In this study, the prevalence of diabetes among patients with TB was 11.9% and that of prediabetes was 15.3%. Similar results were reported in earlier studies by Singla et al., Raghuraman et al., Khanna et al., Kumar, Balakrishnan et al., and Zhang et al., with 25%, 29%, 14.5%, 13%, and 44% 9.5%, prevalence of diabetes among patients with TB. This study found a significantly higher prevalence of DM in older patients with TB (age >50 years). Similar findings have been reported by earlier studies.,,, This study also reported higher association of DM and PTB, which is also reported in many studies including those by Zhang et al. and Guptan and Shah. This study has reported significantly higher prevalence of DM among male gender, which is supported by that reported in a study conducted in south India.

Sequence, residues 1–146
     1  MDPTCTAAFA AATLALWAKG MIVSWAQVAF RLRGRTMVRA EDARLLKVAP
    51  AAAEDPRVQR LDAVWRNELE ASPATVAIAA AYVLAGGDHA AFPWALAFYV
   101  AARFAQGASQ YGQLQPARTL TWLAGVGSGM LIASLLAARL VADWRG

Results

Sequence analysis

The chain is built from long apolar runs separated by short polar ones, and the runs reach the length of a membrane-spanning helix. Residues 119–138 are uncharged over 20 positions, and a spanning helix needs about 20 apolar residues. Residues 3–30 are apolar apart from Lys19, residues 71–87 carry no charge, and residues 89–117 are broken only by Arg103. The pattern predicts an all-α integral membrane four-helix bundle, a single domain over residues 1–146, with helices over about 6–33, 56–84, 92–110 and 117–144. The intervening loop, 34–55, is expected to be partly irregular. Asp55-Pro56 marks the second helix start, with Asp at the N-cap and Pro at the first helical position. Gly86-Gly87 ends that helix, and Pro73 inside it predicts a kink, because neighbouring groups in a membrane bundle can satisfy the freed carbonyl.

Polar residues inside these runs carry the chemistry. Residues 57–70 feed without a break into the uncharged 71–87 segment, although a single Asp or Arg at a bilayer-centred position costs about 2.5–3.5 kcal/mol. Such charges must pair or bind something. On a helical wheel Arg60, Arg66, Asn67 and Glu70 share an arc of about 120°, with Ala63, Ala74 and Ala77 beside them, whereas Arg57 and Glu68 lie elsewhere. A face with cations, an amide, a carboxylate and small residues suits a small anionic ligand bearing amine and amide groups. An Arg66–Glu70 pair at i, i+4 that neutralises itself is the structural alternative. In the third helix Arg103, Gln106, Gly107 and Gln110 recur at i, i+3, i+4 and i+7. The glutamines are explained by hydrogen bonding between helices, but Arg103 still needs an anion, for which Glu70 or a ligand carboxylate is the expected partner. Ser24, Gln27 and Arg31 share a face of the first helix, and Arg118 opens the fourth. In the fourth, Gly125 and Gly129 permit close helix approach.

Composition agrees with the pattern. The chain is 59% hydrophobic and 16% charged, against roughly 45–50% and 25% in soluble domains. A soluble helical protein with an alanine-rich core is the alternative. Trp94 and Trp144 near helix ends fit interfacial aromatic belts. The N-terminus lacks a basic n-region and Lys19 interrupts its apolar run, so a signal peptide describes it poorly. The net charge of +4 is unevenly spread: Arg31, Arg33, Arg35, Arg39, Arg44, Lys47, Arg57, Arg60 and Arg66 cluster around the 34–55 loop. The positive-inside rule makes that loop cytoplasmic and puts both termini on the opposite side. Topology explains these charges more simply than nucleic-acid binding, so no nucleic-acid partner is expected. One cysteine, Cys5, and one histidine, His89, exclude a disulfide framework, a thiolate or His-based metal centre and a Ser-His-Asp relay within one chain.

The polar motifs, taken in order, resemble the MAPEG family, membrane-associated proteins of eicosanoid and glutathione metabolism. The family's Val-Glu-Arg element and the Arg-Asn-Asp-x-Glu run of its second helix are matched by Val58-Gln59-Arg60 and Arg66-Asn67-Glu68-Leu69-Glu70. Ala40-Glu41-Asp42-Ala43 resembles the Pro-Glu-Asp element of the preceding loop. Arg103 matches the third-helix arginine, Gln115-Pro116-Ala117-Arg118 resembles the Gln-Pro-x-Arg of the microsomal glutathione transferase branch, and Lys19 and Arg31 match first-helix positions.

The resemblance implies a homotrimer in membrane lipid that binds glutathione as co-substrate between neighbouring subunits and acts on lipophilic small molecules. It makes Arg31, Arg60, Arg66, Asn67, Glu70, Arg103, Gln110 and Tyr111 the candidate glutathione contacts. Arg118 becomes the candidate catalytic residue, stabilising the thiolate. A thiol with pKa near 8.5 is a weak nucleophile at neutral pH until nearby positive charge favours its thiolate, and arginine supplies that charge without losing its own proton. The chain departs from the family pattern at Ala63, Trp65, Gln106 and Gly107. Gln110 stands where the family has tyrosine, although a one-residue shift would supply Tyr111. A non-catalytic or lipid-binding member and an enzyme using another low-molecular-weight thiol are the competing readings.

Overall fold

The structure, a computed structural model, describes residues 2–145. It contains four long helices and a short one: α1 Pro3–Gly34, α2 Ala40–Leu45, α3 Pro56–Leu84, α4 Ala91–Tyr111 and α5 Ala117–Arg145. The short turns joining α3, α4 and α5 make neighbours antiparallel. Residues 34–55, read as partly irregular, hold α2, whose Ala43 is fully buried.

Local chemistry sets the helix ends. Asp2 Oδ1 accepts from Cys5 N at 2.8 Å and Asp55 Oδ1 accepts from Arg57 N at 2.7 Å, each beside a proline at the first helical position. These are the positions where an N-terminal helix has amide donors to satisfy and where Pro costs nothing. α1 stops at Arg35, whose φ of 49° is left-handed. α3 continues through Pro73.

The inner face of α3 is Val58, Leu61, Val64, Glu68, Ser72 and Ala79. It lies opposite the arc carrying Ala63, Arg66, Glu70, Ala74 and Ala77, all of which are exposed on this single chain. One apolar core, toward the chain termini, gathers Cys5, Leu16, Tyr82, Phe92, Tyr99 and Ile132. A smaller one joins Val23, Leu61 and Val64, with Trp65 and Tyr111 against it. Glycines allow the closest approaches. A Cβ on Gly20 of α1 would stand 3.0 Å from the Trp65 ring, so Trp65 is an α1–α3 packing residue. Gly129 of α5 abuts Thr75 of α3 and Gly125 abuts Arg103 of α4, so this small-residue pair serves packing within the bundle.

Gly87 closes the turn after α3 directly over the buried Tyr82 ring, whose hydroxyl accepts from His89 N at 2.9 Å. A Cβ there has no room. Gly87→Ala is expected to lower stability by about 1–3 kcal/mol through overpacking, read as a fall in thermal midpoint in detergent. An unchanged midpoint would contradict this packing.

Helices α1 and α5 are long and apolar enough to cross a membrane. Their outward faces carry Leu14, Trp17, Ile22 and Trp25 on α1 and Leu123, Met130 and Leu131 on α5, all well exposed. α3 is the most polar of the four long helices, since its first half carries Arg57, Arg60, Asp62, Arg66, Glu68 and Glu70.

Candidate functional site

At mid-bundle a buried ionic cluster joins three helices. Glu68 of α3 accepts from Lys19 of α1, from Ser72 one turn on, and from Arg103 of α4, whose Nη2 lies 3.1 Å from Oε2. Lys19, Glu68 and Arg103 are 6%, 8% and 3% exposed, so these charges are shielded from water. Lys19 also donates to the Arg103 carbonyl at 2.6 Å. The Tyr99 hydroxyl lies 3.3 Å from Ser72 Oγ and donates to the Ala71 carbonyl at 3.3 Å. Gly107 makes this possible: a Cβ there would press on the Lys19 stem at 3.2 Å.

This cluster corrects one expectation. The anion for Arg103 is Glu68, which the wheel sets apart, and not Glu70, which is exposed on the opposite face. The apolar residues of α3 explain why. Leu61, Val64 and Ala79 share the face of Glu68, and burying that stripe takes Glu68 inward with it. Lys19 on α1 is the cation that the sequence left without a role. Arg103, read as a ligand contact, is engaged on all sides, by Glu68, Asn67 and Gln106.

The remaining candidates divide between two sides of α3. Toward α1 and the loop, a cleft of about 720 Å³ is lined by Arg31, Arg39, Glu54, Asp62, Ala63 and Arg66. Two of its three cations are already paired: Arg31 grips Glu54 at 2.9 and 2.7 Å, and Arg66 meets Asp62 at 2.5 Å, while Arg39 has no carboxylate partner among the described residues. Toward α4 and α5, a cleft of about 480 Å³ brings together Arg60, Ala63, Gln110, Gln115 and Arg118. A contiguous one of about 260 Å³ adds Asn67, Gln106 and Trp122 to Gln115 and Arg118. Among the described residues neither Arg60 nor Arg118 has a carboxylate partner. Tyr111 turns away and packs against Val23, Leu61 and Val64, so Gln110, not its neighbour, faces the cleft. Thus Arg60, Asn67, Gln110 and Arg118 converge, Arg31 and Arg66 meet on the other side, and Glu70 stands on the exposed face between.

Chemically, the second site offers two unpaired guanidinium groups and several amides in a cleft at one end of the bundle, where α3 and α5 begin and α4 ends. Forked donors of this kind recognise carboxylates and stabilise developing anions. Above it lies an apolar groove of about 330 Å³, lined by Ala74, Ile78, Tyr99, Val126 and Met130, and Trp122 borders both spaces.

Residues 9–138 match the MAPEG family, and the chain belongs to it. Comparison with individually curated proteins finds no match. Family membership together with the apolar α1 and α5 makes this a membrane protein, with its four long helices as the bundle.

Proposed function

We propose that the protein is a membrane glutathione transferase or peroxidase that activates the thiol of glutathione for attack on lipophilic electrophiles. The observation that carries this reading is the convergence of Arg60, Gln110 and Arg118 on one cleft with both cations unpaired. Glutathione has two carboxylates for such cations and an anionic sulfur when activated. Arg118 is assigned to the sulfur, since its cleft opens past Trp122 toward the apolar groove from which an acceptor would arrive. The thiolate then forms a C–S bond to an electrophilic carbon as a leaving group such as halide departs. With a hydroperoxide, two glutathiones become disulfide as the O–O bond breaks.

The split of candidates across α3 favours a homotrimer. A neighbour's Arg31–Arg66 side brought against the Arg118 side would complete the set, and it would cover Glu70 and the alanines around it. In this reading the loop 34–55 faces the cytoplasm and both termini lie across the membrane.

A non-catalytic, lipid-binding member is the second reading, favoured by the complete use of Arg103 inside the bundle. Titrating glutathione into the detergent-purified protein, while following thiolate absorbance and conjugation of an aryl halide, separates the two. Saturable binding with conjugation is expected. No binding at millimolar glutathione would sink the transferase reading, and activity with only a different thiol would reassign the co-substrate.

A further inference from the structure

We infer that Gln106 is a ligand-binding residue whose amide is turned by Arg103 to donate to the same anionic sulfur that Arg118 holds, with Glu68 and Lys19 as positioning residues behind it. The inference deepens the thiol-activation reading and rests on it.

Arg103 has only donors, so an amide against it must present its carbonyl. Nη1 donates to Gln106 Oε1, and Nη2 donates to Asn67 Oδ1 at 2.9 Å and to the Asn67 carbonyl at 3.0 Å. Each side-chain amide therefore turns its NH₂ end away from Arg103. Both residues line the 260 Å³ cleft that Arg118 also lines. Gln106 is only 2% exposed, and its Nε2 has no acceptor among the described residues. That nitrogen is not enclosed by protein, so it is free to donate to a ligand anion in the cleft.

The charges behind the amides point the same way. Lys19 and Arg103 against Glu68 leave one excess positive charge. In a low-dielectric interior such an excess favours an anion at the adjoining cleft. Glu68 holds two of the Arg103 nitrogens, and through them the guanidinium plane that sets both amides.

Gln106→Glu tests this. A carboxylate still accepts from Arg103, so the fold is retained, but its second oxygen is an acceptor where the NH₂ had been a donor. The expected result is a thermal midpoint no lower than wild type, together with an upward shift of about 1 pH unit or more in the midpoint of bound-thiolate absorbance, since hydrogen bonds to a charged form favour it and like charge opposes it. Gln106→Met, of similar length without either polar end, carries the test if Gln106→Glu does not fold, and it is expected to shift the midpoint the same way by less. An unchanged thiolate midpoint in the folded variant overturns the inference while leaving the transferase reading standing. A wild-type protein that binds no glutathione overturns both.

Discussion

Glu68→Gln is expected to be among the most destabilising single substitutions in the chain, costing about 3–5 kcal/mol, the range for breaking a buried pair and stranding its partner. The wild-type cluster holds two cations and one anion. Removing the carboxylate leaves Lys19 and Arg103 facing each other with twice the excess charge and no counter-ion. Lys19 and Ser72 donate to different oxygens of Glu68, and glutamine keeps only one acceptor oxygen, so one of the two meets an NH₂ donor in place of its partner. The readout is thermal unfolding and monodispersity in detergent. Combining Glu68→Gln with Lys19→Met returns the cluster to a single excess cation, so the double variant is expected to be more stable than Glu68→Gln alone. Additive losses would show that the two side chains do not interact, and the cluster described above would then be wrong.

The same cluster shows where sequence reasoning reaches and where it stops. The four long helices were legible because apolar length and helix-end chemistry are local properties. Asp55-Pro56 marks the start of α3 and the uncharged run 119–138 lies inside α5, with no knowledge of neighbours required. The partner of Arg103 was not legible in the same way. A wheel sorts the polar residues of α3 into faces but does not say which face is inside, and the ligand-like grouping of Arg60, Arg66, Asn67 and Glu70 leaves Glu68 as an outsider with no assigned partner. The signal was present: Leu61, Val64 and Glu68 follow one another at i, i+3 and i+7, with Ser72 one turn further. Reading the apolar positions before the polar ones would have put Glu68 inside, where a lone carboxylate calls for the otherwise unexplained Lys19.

The result of this study shows that diabetes among alcoholic patients with TB is more as compares to nonalcoholic patients, and the difference was not significant. Similar result seen earlier studies, shows that alcohol consumption was found to be a risk factor for diabetes in patients with TB.
This study shows that diabetes was more common among patients with TB with BMI more 25 (19.0%) as compared to those with BMI <25 (9.04%) and the difference was statistically significant (P = 0.001). Similar result was seen earlier by Raghuraman et al. In this study, we found that diabetes among TB was significantly more among type II category patients with TB as compared to type I treatment category TB. The finding of this study was supported by earlier studies.,
In this study, we found that smoker patients with TB have significantly more diabetes (16.3%) as compared to nonsmoker patients with TB (9.8%) (P = 0.0001). Similar result was found in earlier studies.,